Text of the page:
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Home :: Archive :: 2001 :: October ::
Re: Actors' Additions
The Shakespeare Conference: SHK 12.2438  Thursday, 25 October 2001

[1]     From:   Larry Weiss <
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        Date:   Wednesday, 24 Oct 2001 12:19:17 -0400
        Subj:   Re: SHK 12.2422 Re: Actors' Additions

[2]     From:   Robin Hamilton <
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        Date:   Wednesday, 24 Oct 2001 17:12:44 +0100
        Subj:   Re: SHK 12.2422 Re: Actors' Additions

[3]     From:   Marcus Dahl <
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        Date:   Thursday, 25 Oct 2001 05:57:47 EDT
        Subj:   Re: SHK 12.2422 Re: Actors' Additions


[1]-----------------------------------------------------------------
From:           Larry Weiss <
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Date:           Wednesday, 24 Oct 2001 12:19:17 -0400
Subject: 12.2422 Re: Actors' Additions
Comment:        Re: SHK 12.2422 Re: Actors' Additions

Bill Godshalk questions

> But why would anyone add extra-metrical, meaningless phrases to a
> script? What would be the point? And do we have an evidence at this was
> ever done?

It could be done to enhance the significance to the audience of the
metrical meaningful passages.  A play in performance consists of a great
deal more than the speeches; the pauses in between are often at least as
important, and extra words might be added to provide the needed beats.

For example, in Ham,III.i.101 (Riv), Ophelia adds the unmetrical,
relatively meaningless, "There my lord" to the end of the speech which
would otherwise end with the highly significant completely metrical

        "Take these again, for the noble mind
          Rich gifts wax poor when givers prove unkind."

I conjecture that the extra three words were added to provide the
necessary beats to enable Burbage to register the realization that
Ophelia has been thoroughly prepped by Polonius and is, to his mind,
traitorous.  Of course, there is no reason to assume that WS himself did
not write these words, but it is also possible that they were added in
performance by an actor who found a need to say something to cover the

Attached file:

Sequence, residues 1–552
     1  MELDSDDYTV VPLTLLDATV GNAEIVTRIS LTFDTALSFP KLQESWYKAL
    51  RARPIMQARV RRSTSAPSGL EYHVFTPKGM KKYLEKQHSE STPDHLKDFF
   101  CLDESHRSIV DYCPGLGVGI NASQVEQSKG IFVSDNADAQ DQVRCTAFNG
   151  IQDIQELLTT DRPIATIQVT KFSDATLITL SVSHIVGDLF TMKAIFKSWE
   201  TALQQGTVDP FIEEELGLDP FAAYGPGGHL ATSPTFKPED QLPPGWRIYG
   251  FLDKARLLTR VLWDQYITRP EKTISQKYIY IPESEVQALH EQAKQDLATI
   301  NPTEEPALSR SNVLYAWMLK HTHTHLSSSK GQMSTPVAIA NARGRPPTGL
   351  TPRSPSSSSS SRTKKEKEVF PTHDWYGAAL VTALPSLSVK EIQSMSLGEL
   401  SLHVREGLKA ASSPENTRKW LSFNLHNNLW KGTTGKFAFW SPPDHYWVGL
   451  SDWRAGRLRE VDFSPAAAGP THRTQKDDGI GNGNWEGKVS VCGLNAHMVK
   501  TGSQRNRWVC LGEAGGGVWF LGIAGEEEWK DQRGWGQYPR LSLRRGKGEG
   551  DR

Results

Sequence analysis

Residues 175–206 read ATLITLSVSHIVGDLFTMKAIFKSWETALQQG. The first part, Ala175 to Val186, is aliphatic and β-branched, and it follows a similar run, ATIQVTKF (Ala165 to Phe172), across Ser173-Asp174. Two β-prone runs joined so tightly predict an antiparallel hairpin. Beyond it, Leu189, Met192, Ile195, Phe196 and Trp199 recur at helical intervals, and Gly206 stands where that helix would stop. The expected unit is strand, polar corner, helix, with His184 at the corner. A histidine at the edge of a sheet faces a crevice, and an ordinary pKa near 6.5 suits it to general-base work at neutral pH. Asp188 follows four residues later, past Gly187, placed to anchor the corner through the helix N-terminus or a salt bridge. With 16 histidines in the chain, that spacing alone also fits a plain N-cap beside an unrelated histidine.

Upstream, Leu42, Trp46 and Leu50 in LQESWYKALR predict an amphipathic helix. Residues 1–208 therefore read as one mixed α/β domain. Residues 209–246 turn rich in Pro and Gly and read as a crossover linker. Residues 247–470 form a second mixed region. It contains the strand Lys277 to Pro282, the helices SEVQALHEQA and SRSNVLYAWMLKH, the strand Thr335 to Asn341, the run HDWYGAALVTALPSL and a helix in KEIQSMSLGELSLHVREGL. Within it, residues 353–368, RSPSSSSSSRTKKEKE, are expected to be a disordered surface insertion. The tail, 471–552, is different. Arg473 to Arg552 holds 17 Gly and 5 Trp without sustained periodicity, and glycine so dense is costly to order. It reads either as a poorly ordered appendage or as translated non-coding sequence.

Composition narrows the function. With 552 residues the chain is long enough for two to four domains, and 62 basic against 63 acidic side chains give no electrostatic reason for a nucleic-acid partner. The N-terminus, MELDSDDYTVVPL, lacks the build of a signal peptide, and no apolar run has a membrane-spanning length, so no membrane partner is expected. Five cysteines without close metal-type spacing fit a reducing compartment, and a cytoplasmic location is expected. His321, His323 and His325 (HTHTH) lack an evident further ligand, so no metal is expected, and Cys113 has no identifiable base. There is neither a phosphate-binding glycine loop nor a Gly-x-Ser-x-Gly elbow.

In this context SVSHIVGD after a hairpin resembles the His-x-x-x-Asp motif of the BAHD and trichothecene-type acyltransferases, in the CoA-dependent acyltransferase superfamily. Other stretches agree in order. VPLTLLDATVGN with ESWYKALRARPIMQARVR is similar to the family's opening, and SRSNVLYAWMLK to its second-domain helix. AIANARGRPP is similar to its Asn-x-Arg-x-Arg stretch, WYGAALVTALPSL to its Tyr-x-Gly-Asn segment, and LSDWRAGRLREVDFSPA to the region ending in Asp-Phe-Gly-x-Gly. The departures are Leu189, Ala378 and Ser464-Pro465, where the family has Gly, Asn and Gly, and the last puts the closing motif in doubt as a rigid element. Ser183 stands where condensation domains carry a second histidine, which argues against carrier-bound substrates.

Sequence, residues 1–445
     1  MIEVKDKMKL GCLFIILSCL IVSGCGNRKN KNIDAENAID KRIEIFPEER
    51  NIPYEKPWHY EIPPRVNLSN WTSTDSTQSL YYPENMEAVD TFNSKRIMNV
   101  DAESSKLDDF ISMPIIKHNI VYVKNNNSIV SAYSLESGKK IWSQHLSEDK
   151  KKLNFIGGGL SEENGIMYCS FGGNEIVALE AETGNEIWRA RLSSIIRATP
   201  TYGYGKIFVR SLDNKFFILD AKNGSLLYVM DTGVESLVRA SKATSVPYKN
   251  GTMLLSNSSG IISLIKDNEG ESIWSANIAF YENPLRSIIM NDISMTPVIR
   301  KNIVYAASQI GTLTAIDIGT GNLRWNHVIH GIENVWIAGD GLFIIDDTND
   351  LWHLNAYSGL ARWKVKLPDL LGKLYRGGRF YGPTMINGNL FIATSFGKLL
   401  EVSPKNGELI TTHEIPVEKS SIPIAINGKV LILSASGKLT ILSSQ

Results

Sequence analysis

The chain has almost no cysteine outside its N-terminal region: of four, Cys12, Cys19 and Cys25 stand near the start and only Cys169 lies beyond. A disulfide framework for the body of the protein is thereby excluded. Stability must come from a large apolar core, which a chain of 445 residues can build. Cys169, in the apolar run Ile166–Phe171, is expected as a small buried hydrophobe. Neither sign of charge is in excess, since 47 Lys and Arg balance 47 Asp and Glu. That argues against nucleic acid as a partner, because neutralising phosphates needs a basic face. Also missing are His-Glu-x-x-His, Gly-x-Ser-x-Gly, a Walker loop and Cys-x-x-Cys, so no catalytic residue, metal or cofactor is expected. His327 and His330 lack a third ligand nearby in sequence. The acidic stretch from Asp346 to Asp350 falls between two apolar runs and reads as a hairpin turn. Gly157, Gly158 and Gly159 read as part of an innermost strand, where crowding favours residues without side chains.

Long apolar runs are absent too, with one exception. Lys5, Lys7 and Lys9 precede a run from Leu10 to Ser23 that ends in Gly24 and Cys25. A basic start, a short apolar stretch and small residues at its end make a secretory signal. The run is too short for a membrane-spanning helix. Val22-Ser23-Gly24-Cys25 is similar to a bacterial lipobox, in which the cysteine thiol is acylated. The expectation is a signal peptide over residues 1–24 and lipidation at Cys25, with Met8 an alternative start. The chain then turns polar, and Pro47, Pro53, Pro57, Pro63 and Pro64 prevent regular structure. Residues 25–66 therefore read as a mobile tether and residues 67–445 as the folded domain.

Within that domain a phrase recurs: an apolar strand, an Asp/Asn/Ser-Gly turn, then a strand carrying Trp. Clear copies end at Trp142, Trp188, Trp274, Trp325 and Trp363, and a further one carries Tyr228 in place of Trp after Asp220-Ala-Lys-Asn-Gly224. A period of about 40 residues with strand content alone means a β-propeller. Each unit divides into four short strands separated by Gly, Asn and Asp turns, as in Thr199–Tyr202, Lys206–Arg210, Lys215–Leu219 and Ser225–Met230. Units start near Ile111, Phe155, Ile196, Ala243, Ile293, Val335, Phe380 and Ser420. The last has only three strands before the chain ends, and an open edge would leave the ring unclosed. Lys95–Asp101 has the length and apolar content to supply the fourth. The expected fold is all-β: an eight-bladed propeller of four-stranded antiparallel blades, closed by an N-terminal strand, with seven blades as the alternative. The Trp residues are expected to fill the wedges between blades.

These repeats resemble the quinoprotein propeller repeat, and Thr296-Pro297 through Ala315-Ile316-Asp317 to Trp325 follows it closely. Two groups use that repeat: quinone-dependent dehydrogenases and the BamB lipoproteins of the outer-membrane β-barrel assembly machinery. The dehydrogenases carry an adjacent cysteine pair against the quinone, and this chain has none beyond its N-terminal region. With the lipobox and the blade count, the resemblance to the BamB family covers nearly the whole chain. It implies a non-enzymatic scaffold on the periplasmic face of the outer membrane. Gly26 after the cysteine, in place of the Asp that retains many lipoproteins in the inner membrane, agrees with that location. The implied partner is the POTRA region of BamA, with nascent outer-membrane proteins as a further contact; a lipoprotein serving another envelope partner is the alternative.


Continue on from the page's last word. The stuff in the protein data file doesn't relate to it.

pause while Hamlet registers the realization and conveys the necessary
information to the audience.

[2]-------------------------------------------------------------
From:           Robin Hamilton <
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Date:           Wednesday, 24 Oct 2001 17:12:44 +0100
Subject: 12.2422 Re: Actors' Additions
Comment:        Re: SHK 12.2422 Re: Actors' Additions

> From:           Tony Burton <
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 >

> Homer (if he ever existed), Plato (if his
> teachings are accurately preserved), their scriveners and translators,
> and on and on.

Tony:

I presume you mean here Socrates (as presented by Plato) rather than
Plato himself.  There isn't that much instability in the MSS of Plato,
is there?  (Leaving aside the fuzzy edges like Alcibiades II and the
Seventh Letter.)

I'm still rather drawn to Kierkegaard's undergraduate dissertation, _The
Concept of Irony with Constant Reference To Socrates_.  SK argues that,
of the three witnesses to Socrates (Xenophon, Plato, and Aristophanes),
Aristophanes is the most accurate.

Rather like that view myself -- prioritising the poet and playwright
over the soldier or the scholar.

Robin

[3]-------------------------------------------------------------
From:           Marcus Dahl <
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 >
Date:           Thursday, 25 Oct 2001 05:57:47 EDT
Subject: 12.2422 Re: Actors' Additions
Comment:        Re: SHK 12.2422 Re: Actors' Additions

Another point to add to this discussion is that actors additions need
not be added by the actors themselves. According to folkloric analysis
one would call this process of addition, omission etc the 'oral milling'
of the text.

A case in point from my own work is in 3HVI (a folio only text) Act3
(modern editions) when the 'characters' Sinklo and Humfrey enter. Try
counting the number of times the words 'deare' and 'here/heare' are
repeated in a very short section directly after the explicit mention of
actors names (i.e.  Sinklo and Humfrey) within what is usually presumed
to be an 'unperformed' text. These repetitions (and there are many more
examples) form part of the wider pattern of oral transmission noted in
the folkloric tradition.

There is as Bill Godshalk notes a certain mystery in WHO wrote down the
amendments to the text and in what context but the wider phenomena is
nothing unusual in theatrical and orally derived texts. The traditional
explanation for the orally derived amendments in Shakespearean studies
has of course been 'pirates' and 'surreptious' copiers by ear.

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